A positive and supportive parent-kid environment where children can discuss their problems helps children cope with adolescent stressors in a big way.
An adolescent goes through a diversity of experiences due to biological, cognitive, and social changes. Adjustment during adolescence is reflected in identity formation, which often involves exploration followed by commitments to identities. In this entire process, emotional closeness with parents becomes an anchor for youth to cope with peer stressors during this transitional period.
The emotional closeness between fifth-graders and their mothers was assessed by researchers at the University of Illinois College of Agricultural, Consumer, and Environmental Sciences in order to determine how well the kids would be able to handle social challenges when they started middle school the following year. They integrated assessments of the young people’s physiologic stress response ability with observations of mother-child relationships.
The study is a component of a bigger, continuing investigation of teenage mental health and wellbeing and the significance of parental participation in Kelly Tu’s research lab. Tu is a co-author of the paper and an associate professor in the U of I Department of Human Development and Family Studies (HDFS).
The emotional climate of the parent-youth relationship
“Adolescents often turn to their mothers to discuss peer problems. As mothers give advice, it’s not just what they tell adolescents that matters, but also how they are conveying those messages. Therefore, moving beyond mothers’ specific suggestions for coping, here we focus on the emotional climate of these conversations,” explains Xiaomei Li, doctoral candidate in HDFS and the paper’s lead author.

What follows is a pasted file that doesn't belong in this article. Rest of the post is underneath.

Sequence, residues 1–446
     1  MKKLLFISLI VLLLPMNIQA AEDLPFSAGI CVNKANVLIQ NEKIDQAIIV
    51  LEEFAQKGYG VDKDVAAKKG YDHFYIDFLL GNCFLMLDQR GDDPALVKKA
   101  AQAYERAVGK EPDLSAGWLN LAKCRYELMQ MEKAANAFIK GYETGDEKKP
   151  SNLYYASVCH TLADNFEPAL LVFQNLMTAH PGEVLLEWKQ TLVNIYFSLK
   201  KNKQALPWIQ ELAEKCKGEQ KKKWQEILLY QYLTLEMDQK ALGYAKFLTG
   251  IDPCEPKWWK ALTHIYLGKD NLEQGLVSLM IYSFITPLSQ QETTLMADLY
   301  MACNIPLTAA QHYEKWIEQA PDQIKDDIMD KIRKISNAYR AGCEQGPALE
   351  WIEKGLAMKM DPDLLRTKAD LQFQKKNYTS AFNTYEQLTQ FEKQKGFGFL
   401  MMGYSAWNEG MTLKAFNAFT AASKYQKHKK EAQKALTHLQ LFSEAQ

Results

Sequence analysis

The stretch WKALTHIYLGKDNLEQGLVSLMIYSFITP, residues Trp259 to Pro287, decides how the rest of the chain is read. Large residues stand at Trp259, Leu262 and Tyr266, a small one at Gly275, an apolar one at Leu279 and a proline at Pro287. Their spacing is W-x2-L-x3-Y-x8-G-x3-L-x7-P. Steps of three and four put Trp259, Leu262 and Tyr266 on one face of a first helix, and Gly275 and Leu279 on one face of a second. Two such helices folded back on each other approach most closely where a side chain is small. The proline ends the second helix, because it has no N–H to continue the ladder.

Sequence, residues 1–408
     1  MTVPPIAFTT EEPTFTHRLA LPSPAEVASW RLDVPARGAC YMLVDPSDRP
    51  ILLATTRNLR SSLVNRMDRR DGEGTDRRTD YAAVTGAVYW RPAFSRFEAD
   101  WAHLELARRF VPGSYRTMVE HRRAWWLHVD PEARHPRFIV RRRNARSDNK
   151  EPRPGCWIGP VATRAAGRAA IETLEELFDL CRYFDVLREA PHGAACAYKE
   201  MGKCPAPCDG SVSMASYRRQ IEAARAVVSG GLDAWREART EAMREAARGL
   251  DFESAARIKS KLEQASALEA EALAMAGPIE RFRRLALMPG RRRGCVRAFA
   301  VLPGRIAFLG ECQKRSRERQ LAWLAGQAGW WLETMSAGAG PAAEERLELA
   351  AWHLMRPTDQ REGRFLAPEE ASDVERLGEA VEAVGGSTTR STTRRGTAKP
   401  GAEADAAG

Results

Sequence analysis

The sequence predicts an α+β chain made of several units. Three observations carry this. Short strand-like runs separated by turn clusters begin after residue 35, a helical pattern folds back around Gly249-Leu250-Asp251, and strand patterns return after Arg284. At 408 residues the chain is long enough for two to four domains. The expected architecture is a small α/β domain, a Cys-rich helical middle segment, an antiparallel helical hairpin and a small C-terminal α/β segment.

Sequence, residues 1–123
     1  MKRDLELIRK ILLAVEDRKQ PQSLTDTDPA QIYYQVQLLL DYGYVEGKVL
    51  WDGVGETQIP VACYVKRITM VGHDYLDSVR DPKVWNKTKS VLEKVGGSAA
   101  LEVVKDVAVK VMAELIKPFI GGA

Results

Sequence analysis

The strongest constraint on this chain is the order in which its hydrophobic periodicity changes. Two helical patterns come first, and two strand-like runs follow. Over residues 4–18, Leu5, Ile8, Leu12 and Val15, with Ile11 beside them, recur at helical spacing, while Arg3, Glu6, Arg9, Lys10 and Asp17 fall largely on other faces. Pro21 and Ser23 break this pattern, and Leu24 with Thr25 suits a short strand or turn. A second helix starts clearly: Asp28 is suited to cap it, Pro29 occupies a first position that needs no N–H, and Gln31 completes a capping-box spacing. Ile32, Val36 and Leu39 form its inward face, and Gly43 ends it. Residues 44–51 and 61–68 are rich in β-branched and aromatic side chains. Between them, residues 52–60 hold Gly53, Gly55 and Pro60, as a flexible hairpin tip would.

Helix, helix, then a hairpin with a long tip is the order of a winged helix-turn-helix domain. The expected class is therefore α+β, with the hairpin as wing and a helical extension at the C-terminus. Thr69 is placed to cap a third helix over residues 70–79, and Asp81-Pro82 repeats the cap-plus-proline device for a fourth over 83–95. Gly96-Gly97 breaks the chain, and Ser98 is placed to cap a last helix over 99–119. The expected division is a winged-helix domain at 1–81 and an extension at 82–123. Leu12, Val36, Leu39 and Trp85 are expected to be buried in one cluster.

Moms and teenagers in their final semester of fifth grade were invited to the research lab by the researchers, who asked them to speak for five minutes about a peer issue the young people were dealing with. The young people also responded to surveys about their usual methods of handling peer pressure, first during their time in fifth grade and again when they began sixth grade the following academic year. The ability to actively cope, such as trying to find a solution and controlling one’s emotions, is generally seen to be more advantageous for young people’s effective adjustment to new situations, according to the researchers.
Stress response includes behavioural strategies and biological reactions
Trained observers scored dyadic cohesion (such as sharing and taking turns) and maternal effect (such as smiles, physical and verbal affection, impatience, or tension) during the five-minute exchange. Additionally, as the youths watched a slide show of pictures of nature, the researchers monitored the baseline respiratory sinus arrhythmia (RSA) to assess the biological responses of the youths. Heart rate variability is measured by RSA, and a higher baseline RSA suggests a higher ability to control heart rate in response to stress.